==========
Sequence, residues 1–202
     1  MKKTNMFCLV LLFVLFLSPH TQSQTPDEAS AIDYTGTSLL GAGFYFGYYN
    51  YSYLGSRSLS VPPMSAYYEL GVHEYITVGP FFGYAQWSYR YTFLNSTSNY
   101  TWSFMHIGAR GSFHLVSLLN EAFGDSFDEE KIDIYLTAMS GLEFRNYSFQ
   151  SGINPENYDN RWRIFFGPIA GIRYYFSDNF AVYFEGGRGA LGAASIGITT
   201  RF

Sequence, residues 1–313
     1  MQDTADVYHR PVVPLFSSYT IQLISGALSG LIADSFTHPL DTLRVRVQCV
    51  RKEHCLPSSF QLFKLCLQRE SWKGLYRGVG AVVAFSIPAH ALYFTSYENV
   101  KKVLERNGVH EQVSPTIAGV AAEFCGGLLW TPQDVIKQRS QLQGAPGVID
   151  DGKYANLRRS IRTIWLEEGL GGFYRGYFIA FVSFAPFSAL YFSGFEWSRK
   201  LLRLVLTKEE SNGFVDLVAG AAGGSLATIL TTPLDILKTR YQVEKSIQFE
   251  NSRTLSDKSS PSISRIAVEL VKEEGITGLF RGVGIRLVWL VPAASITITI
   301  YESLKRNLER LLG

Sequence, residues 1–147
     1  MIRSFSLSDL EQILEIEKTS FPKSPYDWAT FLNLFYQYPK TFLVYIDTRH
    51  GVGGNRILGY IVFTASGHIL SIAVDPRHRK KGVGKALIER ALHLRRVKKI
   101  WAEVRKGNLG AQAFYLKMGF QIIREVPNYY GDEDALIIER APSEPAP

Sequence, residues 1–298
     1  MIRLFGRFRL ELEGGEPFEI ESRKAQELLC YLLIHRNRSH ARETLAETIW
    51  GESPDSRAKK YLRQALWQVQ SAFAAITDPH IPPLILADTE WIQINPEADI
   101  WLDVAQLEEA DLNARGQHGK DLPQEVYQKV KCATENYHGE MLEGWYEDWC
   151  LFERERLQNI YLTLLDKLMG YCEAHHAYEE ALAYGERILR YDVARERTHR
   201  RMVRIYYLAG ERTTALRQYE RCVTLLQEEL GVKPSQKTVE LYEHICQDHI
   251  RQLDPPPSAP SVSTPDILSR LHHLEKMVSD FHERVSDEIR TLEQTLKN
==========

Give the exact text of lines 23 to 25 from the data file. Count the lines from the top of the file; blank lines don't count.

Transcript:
   151  LFERERLQNI YLTLLDKLMG YCEAHHAYEE ALAYGERILR YDVARERTHR
   201  RMVRIYYLAG ERTTALRQYE RCVTLLQEEL GVKPSQKTVE LYEHICQDHI
   251  RQLDPPPSAP SVSTPDILSR LHHLEKMVSD FHERVSDEIR TLEQTLKN